Wiprud asked around about the cow tunnel. He found that a lot of people had heard of it, but it seemed that no one was consistent on a) its location, b) what it was made out of (wood, brick, etc.), or c) when it was constructed.
Even Wiprud realized that he was not consistent about how he told the story. Over time he began telling the story as if he had seen it himself—which, according to his own 1997 article, he hadn’t! With every telling of the cow tunnels story, the facts seem to bend.
So could their existence be proved?
Is the illustration (above) of a cow emerging from a tunnel evidence? Yes—but not definitively. We can’t see where the tunnel is located. And it’s an engraving, not a photograph, so artist interpretation is a factor. And the proportions are all askew—either the cows are giants or the worker is tiny.
Faline Schneiderman of Historical Perspectives Inc. offers more compelling evidence. In 1991, the state was planning to redo Route 9A and contracted Historical Perspectives to do a historical study of that former meat processing area at 12th Avenue in the upper 30s. Schneiderman researched a bunch of old maps and documents, and she wrote the final report.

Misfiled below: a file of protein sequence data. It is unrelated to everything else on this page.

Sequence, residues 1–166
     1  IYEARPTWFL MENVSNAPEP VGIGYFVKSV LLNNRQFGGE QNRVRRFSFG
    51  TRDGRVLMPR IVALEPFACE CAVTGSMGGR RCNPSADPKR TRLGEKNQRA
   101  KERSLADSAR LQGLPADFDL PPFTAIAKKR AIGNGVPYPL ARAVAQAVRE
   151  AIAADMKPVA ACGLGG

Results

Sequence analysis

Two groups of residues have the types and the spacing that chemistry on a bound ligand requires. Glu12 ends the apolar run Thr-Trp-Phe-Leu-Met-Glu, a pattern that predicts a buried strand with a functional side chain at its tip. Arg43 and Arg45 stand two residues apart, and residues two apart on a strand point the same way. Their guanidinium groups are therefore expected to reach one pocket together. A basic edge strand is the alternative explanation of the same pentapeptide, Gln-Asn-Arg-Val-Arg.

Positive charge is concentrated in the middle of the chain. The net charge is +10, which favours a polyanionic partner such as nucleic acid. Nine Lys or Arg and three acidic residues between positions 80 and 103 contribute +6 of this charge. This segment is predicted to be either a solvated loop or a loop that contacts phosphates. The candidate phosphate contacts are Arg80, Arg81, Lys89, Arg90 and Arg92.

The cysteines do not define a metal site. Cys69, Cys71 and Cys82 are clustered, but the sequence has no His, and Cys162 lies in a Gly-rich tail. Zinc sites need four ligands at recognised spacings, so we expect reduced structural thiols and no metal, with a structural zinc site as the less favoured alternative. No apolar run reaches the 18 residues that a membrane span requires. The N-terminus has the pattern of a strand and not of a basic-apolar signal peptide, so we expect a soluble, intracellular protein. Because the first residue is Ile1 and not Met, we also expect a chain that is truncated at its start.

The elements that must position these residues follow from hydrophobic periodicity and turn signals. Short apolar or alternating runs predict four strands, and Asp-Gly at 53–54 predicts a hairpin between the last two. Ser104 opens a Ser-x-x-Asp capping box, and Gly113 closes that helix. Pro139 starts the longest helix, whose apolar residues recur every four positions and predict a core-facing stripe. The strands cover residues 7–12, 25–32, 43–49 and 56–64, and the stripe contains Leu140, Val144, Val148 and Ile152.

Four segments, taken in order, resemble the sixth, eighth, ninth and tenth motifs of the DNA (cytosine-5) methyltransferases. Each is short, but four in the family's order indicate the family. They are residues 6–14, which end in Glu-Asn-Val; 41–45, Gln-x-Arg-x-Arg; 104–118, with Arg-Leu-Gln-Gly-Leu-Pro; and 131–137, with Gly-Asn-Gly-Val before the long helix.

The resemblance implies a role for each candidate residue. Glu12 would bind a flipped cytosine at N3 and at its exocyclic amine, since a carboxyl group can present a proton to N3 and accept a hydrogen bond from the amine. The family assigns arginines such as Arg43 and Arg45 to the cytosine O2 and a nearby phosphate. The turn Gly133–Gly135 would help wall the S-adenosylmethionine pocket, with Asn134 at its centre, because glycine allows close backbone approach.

From the final page of Faline’s report: “An underground cattle pass was built and used by the Pennsylvania Railroad Company. It extended about 200 feet beneath Twelfth Avenue in the shoreline to the block between West 38th and West 39th Street. The tunnel was built in 1932 and may still be present.”
(Schneiderman clarifies that her report indicates that this tunnel was 200 feet long and beneath the avenue, not that it was 200 feet below the avenue). Schneiderman found a blueprint for the tunnel, indicating that it was 9 feet wide, 7 feet high, and probably ran between 5 and 20 feet below the street grade.)
And we know that this tunnel was actually built, not just planned, because it’s on other maps that were made of the area later.
Some people swear that it’s still intact. Others have said that we might be able to find an entrance in one of the piers in one of the buildings without having to excavate the roadway itself. But this is all right next to the Javits Center and the Lincoln Tunnel. So If a cow tunnel was there once upon a time, it was most likely pulverized during all of that construction.
In her research, Twilley found evidence for another cow tunnel at 34th Street. A New York Times article from 1875 read, “There runs a tunnel under Twelfth Avenue where the animals are brought into the shambles. In fact, the cattle are never seen by the outside public from the time of their landing until they are converted into beef.” It seems that may have been the pivotal moment when Americans began to become detached knowing where our food comes from, when the way cities get fed becomes mysterious and invisible.
*Correction, May 23, 2014: This post originally misspelled the first name of author Betty Fussell.